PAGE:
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Condo or Con-Don't?

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Condominium sales are hot throughout many parts of the country — especially in big cities like Chicago. But when deciding between a single-family residence and a condo, one needs to know all the facts; making a decision based solely on a lower sales price could result in regret down the road. Condo units and single family homes both have distinct advantages that depend on your personality type and family situation, and all need be taken into consideration. Let’s take a look. 

CONDOS

We start with the obvious – condos tend to be cheaper! Monthly payments on a condo are typically lower than an SFR under similar conditions, and can often be easily handled by a single income. This makes them an attractive option for singles, or for small families not yet ready to start looking for their forever home.

Furthermore, condominiums offer freedom from continuous maintenance and upkeep. You own the unit, but the condo association is responsible for the building repair and landscaping. This is advantageous for professionals who travel often for work, or individuals in poor health who cannot afford to pay for landscaping or snow removal.

Finally — from a social perspective — a condominium offers a greater sense of community than an SFR. Not separated by backyards or property lines, tenants have more opportunity to interact. Most condo complexes also offer fitness rooms, swimming pools, and gathering areas that are open to all, and are usually protected behind gated entries, or are under the watch of doormen.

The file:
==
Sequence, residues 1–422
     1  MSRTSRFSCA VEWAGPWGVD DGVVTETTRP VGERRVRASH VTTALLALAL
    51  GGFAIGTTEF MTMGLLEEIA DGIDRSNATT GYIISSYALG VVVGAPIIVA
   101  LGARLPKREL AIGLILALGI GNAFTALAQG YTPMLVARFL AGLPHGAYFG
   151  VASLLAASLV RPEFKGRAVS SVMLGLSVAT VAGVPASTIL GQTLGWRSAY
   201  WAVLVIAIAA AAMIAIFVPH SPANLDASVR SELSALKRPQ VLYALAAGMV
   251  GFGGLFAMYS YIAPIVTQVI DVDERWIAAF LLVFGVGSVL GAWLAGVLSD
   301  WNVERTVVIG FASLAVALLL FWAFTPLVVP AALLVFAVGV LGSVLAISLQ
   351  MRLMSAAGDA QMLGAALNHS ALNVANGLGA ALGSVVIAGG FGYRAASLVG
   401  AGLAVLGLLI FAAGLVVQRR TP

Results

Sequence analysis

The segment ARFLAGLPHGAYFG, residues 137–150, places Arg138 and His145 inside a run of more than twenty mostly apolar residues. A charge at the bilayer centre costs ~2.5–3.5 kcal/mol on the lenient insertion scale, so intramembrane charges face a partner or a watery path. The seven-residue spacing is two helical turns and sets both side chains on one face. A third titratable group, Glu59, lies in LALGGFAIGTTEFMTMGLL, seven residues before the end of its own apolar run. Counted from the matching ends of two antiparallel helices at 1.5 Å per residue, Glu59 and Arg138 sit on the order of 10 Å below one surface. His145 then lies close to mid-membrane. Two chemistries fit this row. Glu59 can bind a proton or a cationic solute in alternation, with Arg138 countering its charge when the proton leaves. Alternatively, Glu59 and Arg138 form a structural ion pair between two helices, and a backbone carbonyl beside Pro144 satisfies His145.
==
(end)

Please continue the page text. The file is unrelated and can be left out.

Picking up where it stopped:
SINGLE-FAMILY RESIDENCE

There is, of course, a flip side to this coin. While yes, condos are cheaper from a mortgage perspective, single family residences tend to re-sell easier, as their appreciation goes much faster. And while you may be delighted when, come winter, you don’t have to shovel snow or repair that condo’s broken furnace, someone else does. That means you will owe additional condo association fees, in addition to your monthly mortgage payment.

Something else to consider — communal living is not for everyone. Remember, you don’t get to choose your neighbors! Privacy is limited, and noise levels can be hard to mask when you share walls with tenants. Families with small children, or professionals with early schedules may choose the relative peace and quiet of a property that offers some space between themselves and their neighbors.

In the end, both condo units and single family residences offer distinctly different, yet beneficial amenities. As always, you should speak with your Midwest Lending mortgage professional before you make your decision, to see which option fits not only your wallet, but your lifestyle as well.